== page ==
• In an aspect, an opacity of the ghosted image can be variable. For example, the opacity of the ghosted image can change based upon the graph shown in FIG. 4H. As shown in FIG. 4H, the opacity of a currently rendered image frame U may be set at 1. The opacity of previous frames Y, Z may be decreased linearly, and then increased toward a located frame X. However, the opacity of the ghosted image can be changed based upon any function or along any plot.
  • As an illustrative example, a visualization can represent a user moving a pen or other object or tool, as illustrated in FIG. 4I. Accordingly, a currently rendered frame 448 can be ghosted with motion artifacts from a previous frame 448′, effectively allowing the user to visualize the frames currently being seen and reacted to by a remote user. As a further example, a sequence of frames between the currently rendered frame 448 and a previous frame 448′ can be ghosted. As shown in the previous 448′, a user's right hand 450 with pen 452 plans an incision on a surgical field 454. A remote user 456 provides instruction. In the currently rendered frame 448, as a user's right hand 450 with pen 452 goes into motion, motion artifacts 458, 459 allow visualization of the frames currently being seen by a remote user. This can alert the user of the disparity between what is being reacted to and what is currently happening. In an aspect, the visualization can include a blurring of the pixels representing the object of uncertainty or an area near the object of uncertainty. As an example, a colorization or alert color can be used to visually represent that the image being rendered comprises some level of uncertainty.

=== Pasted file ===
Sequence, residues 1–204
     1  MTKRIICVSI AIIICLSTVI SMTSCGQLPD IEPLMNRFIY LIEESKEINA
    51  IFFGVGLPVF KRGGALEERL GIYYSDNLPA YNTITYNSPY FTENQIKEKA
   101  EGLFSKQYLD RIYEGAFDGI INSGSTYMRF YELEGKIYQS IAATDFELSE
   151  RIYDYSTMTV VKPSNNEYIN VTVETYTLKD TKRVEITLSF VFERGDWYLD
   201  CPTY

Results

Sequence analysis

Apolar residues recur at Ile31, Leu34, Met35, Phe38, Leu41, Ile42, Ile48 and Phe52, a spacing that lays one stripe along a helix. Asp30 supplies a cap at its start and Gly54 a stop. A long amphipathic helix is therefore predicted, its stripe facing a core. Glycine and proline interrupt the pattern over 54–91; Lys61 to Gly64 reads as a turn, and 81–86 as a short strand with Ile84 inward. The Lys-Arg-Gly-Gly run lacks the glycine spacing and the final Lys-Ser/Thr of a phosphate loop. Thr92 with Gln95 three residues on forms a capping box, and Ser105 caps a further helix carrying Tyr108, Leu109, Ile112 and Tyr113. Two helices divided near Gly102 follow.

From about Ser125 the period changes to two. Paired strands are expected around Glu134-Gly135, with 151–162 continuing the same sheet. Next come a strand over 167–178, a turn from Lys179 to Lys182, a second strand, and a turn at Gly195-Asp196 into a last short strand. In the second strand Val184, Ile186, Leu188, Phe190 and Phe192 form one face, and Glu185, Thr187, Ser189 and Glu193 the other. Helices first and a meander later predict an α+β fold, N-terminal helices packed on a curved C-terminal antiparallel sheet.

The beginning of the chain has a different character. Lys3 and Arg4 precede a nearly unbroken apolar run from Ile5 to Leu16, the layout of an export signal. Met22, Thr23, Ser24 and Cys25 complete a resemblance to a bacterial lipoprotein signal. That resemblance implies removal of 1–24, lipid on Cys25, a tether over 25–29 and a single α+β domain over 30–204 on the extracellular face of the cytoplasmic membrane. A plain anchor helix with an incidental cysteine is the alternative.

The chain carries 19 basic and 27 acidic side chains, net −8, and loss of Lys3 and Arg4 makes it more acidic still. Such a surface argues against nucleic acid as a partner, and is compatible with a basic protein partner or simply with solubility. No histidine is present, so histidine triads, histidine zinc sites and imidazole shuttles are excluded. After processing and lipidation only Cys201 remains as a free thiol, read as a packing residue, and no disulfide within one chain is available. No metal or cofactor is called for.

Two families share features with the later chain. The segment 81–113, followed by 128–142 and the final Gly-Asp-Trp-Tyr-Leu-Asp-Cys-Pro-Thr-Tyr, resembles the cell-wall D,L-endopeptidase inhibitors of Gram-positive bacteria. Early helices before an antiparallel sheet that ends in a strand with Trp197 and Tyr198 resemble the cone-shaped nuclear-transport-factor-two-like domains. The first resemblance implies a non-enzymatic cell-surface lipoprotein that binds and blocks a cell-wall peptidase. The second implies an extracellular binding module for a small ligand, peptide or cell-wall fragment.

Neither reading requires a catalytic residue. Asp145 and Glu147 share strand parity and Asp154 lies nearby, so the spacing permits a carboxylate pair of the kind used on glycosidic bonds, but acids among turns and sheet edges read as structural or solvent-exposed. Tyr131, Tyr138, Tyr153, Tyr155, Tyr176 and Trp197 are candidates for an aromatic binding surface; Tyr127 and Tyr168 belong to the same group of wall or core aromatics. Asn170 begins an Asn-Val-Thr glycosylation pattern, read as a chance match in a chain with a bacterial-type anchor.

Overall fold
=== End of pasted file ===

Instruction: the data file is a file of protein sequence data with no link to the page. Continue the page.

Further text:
• As an illustrative example, FIG. 4J shows a bidirectional capture, process, and display of images onto displays (e.g., displays 302, 304 (FIG. 3)). Typically, frames are processed with respect to a timeline 460. A first frame 462 is shown with an element 464 (e.g., captured by sensor 306 and visualized on display 302). A second frame 466 is shown with an element 468 (e.g., captured by sensor 308 and visualized on display 304). As the element 464 moves along a downward vertical motion, a ghost 469 (e.g., derived from step 446) of the first frame 462 can be visualized in a third frame 462′ (e.g., on display 302). Additionally, element 468 can be rendered along with an uncertainty region 470 (e.g., derived from step 436).
  • On one display (e.g., display 304), the element 468 is shown in the second frame 466. As the element 468 moves leftward, a ghost 472 (e.g., derived from step 446) of the second frame 466 can be visualized on a fourth frame 466′ (e.g., on display 304). Additionally, the element 464 can be rendered in the fourth frame 466′ along with an uncertainty region 474 (e.g., derived from step 436).
  • In an aspect, the example illustrated in FIG. 4J can allow a viewer of displays 302, 304 to visualize the local images captured by sensors 306, 308 that are being reacted to by a remote user. Further, the example illustrated in FIG. 4J can allow a viewer of displays 302, 304 to a view an estimation of the current image being captured by a remote sensor 306, 308. In this manner, the effects of local and network latency can be decreased from the standpoint of a viewer.
  • FIG. 5 illustrates an exemplary virtual presence system. One such system can be used by each remote participant that is to join the same session. Each system can communicate with each other through a network connection. For example, remote sites can connect via the internet. Tasks can be divided amongst a plurality of computers in each system. For example, one computer (a graphics server) can gather images from local cameras and a network server, perform the stereo image composition tasks, and drive a local stereoscopic display system. As a further example, the processor(s) 310 of system 300 can be embodied by the graphics server.